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Sustainable Roofing Options

Top Sustainable Roofing Options

By Tobias Roberts Rise Writer
Jun 30, 2020

Roofing is sometimes overlooked when considering sustainable home projects. But, roofs are a major part of the home and deserve consideration when the time comes to replace them. As with many products, some are "green" simply because they are better than the alternative. Many of the most popular roofing products on the market today are better than those used in the past. These new materials last much longer, and some can be recycled. 

More sustainable roofing options last longer than average, can be recycled at the end of their lives, have lower embodied energy, or are sourced from non-mined or fossil fuel-based materials. Below, we look at some of the most popular roofing products before turning our attention to the top five more sustainable roofing options available today.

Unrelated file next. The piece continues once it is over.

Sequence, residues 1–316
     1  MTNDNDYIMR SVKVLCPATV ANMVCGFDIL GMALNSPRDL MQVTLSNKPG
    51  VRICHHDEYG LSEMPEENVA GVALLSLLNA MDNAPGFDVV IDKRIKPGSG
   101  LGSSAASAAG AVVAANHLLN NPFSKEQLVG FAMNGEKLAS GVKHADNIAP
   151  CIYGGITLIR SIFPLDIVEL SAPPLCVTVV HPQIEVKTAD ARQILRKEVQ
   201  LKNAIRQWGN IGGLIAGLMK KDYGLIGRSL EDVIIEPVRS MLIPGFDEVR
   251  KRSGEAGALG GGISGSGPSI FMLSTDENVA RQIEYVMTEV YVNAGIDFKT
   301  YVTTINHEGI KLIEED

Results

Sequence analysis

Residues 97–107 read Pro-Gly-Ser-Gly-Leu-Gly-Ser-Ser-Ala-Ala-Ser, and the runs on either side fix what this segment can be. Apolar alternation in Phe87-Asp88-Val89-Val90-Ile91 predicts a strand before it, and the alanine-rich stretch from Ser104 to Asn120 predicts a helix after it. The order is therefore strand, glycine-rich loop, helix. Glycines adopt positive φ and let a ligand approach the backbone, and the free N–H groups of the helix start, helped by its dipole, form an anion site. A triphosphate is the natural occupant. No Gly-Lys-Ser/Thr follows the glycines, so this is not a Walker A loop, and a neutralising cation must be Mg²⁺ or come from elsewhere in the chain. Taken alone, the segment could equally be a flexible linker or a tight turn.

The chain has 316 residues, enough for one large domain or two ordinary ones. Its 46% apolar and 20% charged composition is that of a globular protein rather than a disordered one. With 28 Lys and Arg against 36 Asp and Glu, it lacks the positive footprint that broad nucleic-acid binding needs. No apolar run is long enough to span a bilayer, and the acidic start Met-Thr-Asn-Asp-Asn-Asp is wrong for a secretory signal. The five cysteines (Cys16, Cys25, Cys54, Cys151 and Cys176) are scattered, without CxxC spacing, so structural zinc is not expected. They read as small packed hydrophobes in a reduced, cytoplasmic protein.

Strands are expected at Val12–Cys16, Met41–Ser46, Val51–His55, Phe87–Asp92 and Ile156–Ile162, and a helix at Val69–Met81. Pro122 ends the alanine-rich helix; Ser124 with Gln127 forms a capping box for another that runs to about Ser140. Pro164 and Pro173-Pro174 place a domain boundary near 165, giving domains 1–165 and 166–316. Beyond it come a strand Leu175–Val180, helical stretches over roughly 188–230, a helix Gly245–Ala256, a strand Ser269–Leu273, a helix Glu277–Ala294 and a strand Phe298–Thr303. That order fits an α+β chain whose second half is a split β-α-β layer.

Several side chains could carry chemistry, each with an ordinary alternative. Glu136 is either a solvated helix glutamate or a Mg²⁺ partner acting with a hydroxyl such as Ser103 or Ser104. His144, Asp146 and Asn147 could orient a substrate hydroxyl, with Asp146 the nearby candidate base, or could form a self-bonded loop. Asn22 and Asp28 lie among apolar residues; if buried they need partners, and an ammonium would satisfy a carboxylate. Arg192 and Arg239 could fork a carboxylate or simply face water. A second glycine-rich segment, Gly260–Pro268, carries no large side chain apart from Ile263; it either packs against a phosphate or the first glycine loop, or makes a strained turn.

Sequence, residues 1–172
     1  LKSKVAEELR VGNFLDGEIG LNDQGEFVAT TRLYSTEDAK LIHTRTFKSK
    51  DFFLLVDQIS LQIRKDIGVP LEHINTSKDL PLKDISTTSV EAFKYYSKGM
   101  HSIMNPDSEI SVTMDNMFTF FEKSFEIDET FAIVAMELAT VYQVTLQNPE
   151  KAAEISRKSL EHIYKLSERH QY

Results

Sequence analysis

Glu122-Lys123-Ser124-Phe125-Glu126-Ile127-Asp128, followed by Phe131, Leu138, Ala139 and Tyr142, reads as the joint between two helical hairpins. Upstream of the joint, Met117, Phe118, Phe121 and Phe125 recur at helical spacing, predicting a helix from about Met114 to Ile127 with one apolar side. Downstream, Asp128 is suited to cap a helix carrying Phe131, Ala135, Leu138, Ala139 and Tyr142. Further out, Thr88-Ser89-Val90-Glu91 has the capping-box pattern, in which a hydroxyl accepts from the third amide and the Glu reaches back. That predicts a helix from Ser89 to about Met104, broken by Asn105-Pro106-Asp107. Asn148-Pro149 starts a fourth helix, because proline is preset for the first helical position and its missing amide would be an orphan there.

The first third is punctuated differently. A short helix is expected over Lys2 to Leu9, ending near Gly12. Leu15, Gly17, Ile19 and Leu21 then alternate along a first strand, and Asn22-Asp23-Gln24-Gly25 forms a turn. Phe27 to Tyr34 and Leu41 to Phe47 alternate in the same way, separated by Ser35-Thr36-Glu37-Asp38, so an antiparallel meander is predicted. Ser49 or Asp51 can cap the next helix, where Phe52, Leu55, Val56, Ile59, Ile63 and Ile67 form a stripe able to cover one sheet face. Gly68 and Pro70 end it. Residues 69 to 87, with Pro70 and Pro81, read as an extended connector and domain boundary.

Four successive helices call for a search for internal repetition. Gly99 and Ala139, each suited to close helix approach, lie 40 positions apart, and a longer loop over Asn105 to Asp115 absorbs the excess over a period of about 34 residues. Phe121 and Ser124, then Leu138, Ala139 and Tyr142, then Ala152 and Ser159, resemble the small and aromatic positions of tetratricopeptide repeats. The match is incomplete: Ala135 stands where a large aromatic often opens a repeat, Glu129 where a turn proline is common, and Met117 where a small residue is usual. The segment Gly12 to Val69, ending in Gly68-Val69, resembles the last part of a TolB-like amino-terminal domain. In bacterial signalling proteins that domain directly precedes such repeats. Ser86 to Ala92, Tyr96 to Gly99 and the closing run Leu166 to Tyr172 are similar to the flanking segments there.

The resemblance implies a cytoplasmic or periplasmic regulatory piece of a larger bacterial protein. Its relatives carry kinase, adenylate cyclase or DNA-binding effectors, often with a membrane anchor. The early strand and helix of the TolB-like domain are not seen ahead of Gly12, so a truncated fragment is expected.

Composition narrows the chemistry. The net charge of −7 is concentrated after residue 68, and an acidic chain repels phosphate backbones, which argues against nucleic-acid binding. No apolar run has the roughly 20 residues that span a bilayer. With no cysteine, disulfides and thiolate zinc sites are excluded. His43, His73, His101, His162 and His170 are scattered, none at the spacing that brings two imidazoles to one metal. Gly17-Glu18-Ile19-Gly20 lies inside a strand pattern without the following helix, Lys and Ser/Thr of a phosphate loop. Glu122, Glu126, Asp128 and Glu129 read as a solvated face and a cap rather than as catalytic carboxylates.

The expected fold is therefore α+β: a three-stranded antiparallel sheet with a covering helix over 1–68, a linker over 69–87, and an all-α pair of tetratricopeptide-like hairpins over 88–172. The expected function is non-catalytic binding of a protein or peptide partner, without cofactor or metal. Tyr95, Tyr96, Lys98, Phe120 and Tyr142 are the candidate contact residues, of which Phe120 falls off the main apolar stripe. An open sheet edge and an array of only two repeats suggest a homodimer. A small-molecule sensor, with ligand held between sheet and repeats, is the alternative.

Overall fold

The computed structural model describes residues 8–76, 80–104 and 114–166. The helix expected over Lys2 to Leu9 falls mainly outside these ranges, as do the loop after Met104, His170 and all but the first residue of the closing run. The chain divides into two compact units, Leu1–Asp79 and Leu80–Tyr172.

Common Types of Roofing

Asphalt Shingle Roof

What Are Asphalt Shingles?

The vast majority of roofs in the United States are made of asphalt shingles. Asphalt shingle roofs are the preferred option for most homeowners because of their low upfront cost and relative ease of installation. So what's the problem? First, durability. Many asphalt roofs only have an estimated lifetime of between 15 and 20 years. This means that homeowners will most likely have to invest in a new roof at least 2-3 times during the home's lifetime. Second, asphalt shingles are estimated to make up 5% of the total construction-related waste each year, to the tune of 11 million tons of asphalt shingles thrown out each year. In context, a 2020 report conducted by the EPA, stated that 17% of construction waste to landfill stemmed from roofing materials. Even though asphalt shingles can be recycled, these shingles' raw material contains polycyclic aromatic hydrocarbons (PAHs), a known carcinogen. Asphalt shingles contain bitumen, which is a petrochemical and thus, a non-renewable material.

coloured houses with metal roofs

What Is Metal Roofing?